More Chaos in the Valley
On Friday, Hizbul commander Burhan Wani was killed in an encounter with the armed forces. The operation had begun in Bumdoora village, where the militants were believed to be hiding. Army personnel arrived at the spot and the militants started firing at them. A the gunbattle that ensued, Wani was killed along with two of his associates, Adil Sheikh and Adil Reshi. The 21-year-old leader had gained popularity for his online videos asking young Kashmiri men to join the militant outfit. He had started being referred to as the new face of militancy in the state. He hailed from Tral in southern Kashmir and came from a wealthy family. Wani joined the group at the age of 15 after his brother was allegedly assaulted by the Indian Army. The government had earlier announced a reward of Rs 10 lakh for any information on him.
In the aftermath of the killing of Hizbul Mujahideen’s commander Burhan Muzaffar Wani on Friday, the State police on Sunday said it would like to avoid the killing of the youth and urged protesters not to resort to violence as it does not bring the right consequences. As the news of Wani's death broke, the Valley plunged into chaos. Defying the curfew, thousands of people were out on streets across the Valley, mosques rang with pro-Burhan, pro-freedom slogans, and crowds pelted stones at security forces. As protests continued on Saturday, and vast numbers made their way to Tral for Wani’s funeral, security forces opened fire killing least 18 protesters.
Meanwhile, Pakistan’s Ministry of Foreign Affairs has said that extrajudicial killing of Kashmiri leader Burhan Wani and scores of other innocent Kashmiris is deplorable and condemnable and that Pakistan reiterates that resolution of J&K dispute is only possible by realisation of the right to self-determination of the people of Jammu and Kashmir.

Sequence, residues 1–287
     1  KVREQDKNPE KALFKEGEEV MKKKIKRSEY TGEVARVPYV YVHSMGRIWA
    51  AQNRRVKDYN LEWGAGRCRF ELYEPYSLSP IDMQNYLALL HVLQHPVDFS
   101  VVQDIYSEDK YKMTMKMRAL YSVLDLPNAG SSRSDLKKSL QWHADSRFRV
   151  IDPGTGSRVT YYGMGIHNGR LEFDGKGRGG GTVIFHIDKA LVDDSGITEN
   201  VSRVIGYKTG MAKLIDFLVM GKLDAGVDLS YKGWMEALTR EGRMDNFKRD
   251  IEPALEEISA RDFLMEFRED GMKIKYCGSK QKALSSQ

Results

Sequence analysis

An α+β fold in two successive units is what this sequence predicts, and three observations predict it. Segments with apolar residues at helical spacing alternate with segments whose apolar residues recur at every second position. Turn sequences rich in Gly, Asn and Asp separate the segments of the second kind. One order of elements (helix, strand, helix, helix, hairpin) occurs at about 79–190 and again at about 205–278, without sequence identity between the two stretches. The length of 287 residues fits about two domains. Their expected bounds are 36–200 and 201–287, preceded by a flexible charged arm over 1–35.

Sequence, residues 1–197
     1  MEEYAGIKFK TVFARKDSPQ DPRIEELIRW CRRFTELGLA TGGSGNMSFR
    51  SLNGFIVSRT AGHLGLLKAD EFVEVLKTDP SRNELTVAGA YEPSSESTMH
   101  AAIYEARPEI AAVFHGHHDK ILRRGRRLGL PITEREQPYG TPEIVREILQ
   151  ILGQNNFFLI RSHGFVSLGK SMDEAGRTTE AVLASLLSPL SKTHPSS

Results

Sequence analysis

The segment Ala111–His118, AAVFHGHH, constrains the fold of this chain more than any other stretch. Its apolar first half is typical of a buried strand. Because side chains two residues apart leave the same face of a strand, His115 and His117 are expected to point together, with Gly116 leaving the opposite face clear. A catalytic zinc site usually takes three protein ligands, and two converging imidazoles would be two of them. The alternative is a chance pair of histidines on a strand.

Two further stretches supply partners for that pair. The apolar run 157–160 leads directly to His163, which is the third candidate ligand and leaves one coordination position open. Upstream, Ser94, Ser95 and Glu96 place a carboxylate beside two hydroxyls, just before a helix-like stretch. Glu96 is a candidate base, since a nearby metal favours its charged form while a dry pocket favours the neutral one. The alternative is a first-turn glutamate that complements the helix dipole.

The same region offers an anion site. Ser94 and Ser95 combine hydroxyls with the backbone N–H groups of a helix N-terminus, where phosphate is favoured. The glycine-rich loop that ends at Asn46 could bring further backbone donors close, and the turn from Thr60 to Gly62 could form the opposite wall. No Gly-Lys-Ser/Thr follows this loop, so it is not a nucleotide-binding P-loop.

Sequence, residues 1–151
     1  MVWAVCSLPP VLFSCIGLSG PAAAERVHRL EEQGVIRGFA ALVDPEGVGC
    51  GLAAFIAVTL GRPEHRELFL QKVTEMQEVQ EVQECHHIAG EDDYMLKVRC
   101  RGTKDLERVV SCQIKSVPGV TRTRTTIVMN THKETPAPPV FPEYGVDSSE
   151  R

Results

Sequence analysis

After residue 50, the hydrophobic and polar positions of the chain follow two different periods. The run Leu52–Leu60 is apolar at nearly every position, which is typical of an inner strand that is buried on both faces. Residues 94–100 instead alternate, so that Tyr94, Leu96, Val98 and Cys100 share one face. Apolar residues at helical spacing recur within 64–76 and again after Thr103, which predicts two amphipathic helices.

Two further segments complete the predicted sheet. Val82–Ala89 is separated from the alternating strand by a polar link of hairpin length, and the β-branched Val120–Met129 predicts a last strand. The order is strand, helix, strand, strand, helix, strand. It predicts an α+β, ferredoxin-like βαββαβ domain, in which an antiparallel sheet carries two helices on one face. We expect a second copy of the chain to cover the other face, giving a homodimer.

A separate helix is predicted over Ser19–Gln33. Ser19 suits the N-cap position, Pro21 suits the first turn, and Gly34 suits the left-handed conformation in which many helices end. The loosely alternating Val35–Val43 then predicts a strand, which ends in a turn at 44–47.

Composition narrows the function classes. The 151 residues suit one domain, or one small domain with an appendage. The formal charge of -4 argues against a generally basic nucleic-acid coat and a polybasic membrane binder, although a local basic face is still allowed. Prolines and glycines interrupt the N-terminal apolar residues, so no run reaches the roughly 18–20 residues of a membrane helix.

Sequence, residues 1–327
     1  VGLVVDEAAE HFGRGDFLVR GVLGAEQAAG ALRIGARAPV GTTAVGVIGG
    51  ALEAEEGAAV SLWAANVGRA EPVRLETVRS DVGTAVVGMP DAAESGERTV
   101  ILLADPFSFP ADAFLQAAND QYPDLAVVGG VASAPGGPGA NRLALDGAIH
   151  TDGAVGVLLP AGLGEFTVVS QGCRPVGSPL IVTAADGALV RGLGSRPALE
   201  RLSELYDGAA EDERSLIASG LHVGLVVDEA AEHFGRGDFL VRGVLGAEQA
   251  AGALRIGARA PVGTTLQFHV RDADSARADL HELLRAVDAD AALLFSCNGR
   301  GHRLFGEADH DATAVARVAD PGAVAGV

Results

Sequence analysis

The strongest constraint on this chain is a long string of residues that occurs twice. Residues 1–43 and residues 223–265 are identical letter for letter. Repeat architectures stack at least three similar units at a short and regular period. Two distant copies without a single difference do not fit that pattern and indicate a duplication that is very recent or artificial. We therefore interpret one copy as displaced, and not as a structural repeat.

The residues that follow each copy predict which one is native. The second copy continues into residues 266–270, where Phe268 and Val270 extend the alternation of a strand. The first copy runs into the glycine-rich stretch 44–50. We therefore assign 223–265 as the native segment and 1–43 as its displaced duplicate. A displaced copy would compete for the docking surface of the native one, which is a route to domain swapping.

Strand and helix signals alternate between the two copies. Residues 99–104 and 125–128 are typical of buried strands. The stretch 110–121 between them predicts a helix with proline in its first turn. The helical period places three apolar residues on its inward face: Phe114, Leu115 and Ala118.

BJP general secretary Ram Madhav termed the situation “unfortunate and saddening.” The party leader said restraint and calm should be the motto of the people and the police.“People in the valley should help bring normalcy. Restraint and calm should be the motto of people and the police. Government wants peaceful and terror-free J&K for progress”. He also tweeted, “Loss of lives in South Kashmir unfortunate and saddening. We have to develop non-lethal ways of tackling such situations. Police too suffer heavily”.
Wani, a twenty-one-year young militant of Hizbul Mujahedeen, is understood to have joined their ranks after security forces harassed him and his brother. He vowed vengeance. The bloodshed on the day of his funeral that claimed at eighteen lives and left around 200 people, including security force personnel wounded, is a hint at a festering crisis. As per a report in The Indian Express, Hizbul Mujahideen commander Burhan Wani could become the rallying point of a renewed indigenous militancy and give rise to a potent theme for fresh recruitment. Support is also counted in the attendance at funerals, the serpentine procession of mourners trailing behind the bodies of dead militants.
The Jammu and Kashmir government on Sunday appealed to separatist Hurriyat Conference, besides mainstream parties, to assist in its efforts towards restoring normalcy in the state, which has been rocked by violent protests following the killing of militant commander Burhan Wani. In Delhi, Union Home Minister Rajnath Singh reviewed the situation in the Valley and spoke to Chief Minister Mehbooba Mufti, assuring her of all possible help.
Chief Minister Mehbooba Mufti said in a statement, “The pain of Kashmiris has reached a level where the hope of peace is sure to gain substantial local support if tangible confidence building measures are taken to address the issues concerning the state and its people.”